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Software Reliability and
   Quality Management
               Version 2 CSE IIT, Kharagpur
Statistical Testing and
      Software Quality
              Version 2 CSE IIT, Kharagpur
Specific Instructional Objectives
At the end of this lesson the student would be able to:

   •   Identify the primary objective of statistical testing.
   •   Define what is meant by the operation profile of a software product.
   •   Identify the steps in which statistical testing is performed on a software
   •   Identify the advantages and disadvantages of statistical testing.
   •   Identify the main quality factors of a software product.
   •   Explain what is meant by quality management system.
   •   Identify the phases over which quality management system has evolved in
       the last century.

Statistical testing
Statistical testing is a testing process whose objective is to determine the
reliability of software products rather than discovering errors. Test cases are
designed for statistical testing with an entirely different objective than those of
conventional testing.

Operation profile
Different categories of users may use a software for different purposes. For
example, a Librarian might use the library automation software to create member
records, add books to the library, etc. whereas a library member might use to
software to query about the availability of the book, or to issue and return books.
Formally, the operation profile of a software can be defined as the probability
distribution of the input of an average user. If the input to a number of classes
{Ci} is divided, the probability value of a class represent the probability of an
average user selecting his next input from this class. Thus, the operation profile
assigns a probability value Pi to each input class Ci.

Steps in statistical testing
Statistical testing allows one to concentrate on testing those parts of the system
that are most likely to be used. The first step of statistical testing is to determine
the operation profile of the software. The next step is to generate a set of test
data corresponding to the determined operation profile. The third step is to apply
the test cases to the software and record the time between each failure. After a
statistically significant number of failures have been observed, the reliability can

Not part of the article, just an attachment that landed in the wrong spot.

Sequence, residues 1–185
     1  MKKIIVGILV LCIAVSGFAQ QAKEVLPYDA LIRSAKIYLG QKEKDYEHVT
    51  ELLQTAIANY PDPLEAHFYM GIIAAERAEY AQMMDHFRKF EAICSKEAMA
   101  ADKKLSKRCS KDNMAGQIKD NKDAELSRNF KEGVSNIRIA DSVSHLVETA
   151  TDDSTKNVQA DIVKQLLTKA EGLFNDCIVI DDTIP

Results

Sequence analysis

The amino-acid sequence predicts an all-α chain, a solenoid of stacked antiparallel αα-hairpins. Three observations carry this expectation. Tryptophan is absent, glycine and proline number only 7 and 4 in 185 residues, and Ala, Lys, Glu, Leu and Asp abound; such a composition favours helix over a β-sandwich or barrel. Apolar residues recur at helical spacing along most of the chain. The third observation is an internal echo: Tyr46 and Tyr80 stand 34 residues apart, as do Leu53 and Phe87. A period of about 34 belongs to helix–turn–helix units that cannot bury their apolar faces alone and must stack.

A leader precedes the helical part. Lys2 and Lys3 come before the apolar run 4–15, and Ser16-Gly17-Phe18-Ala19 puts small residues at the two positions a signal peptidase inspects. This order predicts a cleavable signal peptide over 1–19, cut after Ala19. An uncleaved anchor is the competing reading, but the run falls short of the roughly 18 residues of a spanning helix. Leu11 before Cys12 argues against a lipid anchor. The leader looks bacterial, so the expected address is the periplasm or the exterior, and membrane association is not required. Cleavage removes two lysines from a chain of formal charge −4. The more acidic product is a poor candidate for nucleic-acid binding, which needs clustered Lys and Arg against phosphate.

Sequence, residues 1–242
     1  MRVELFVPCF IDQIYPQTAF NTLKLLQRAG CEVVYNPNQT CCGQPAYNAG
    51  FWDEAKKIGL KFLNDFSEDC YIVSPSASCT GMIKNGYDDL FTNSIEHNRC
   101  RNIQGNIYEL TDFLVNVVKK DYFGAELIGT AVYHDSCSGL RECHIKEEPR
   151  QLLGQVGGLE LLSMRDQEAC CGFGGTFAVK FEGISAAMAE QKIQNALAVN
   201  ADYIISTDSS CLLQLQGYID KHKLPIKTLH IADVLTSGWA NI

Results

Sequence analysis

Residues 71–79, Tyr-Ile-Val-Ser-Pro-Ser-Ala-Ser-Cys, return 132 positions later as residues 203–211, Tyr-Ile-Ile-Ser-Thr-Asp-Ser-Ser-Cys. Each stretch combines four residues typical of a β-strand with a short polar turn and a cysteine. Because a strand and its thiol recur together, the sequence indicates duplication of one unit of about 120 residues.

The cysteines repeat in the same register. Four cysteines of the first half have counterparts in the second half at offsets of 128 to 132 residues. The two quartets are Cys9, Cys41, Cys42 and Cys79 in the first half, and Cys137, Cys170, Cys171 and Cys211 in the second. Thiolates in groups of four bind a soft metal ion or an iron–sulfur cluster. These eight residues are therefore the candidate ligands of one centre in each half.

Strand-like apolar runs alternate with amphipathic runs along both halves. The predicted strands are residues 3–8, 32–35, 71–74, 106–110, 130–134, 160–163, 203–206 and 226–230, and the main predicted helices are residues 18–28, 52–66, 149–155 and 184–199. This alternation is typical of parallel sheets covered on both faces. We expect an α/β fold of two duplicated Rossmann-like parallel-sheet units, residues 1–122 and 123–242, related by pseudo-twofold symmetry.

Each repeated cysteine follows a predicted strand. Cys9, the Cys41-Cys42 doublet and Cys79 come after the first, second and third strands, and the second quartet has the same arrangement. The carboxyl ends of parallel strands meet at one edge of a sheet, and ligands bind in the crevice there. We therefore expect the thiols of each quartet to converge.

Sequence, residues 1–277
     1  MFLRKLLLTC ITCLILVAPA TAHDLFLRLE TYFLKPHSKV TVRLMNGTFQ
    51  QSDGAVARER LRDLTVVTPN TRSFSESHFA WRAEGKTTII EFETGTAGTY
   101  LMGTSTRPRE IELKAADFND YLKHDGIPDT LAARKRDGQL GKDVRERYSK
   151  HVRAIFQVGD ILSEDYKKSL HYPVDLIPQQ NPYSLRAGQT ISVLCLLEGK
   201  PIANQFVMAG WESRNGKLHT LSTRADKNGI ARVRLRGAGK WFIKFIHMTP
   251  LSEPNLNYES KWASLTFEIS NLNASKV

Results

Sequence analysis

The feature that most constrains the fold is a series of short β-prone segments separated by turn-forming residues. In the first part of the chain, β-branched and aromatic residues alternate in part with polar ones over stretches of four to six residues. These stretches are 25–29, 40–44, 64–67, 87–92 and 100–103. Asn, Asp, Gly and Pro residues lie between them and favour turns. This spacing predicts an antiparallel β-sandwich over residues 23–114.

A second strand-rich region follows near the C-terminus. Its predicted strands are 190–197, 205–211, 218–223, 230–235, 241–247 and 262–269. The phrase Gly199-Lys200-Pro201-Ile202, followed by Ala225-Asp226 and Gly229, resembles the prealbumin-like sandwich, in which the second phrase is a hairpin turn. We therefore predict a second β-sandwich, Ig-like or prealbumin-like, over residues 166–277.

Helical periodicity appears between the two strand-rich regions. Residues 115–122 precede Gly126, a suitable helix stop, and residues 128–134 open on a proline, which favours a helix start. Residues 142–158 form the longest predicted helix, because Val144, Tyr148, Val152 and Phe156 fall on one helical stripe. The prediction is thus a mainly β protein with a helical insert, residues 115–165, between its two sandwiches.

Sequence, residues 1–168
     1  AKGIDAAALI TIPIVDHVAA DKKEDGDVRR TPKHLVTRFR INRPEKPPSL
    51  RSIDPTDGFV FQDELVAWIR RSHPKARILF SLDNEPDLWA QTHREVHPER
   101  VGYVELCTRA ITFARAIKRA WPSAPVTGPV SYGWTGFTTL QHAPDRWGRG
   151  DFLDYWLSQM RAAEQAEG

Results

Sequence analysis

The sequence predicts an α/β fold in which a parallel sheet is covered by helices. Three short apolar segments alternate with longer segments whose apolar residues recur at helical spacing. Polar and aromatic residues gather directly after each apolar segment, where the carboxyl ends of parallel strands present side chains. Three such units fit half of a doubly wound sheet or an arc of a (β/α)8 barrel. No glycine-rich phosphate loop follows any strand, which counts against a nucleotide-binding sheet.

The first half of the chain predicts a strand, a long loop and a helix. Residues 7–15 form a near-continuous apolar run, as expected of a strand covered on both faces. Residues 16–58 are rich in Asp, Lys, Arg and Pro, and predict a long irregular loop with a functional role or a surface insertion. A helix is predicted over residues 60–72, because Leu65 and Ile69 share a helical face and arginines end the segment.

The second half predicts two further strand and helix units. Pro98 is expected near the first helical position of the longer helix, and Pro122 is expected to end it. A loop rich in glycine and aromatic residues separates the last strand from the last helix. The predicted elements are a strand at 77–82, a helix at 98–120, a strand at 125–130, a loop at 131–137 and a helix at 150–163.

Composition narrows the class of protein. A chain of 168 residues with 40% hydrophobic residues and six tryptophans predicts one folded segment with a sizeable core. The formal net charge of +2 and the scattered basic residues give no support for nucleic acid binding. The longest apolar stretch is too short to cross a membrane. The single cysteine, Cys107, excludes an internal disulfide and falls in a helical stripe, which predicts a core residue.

be computed.

                                                        Version 2 CSE IIT, Kharagpur
Advantages and disadvantages of statistical testing
Statistical testing allows one to concentrate on testing parts of the system that
are most likely to be used. Therefore, it results in a system that the users to be
more reliable (than actually it is!). Reliability estimation using statistical testing is
more accurate compared to those of other methods such as ROCOF, POFOD
etc. But it is not easy to perform statistical testing properly. There is no simple
and repeatable way of defining operation profiles. Also it is very much
cumbersome to generate test cases for statistical testing cause the number of
test cases with which the system is to be tested should be statistically significant.

Software Quality
Traditionally, a quality product is defined in terms of its fitness of purpose. That
is, a quality product does exactly what the users want it to do. For software
products, fitness of purpose is usually interpreted in terms of satisfaction of the
requirements laid down in the SRS document. Although “fitness of purpose” is a
satisfactory definition of quality for many products such as a car, a table fan, a
grinding machine, etc. – for software products, “fitness of purpose” is not a wholly
satisfactory definition of quality. To give an example, consider a software product
that is functionally correct. That is, it performs all functions as specified in the
SRS document. But, has an almost unusable user interface. Even though it may
be functionally correct, we cannot consider it to be a quality product. Another
example may be that of a product which does everything that the users want but
has an almost incomprehensible and unmaintainable code. Therefore, the
traditional concept of quality as “fitness of purpose” for software products is not
wholly satisfactory.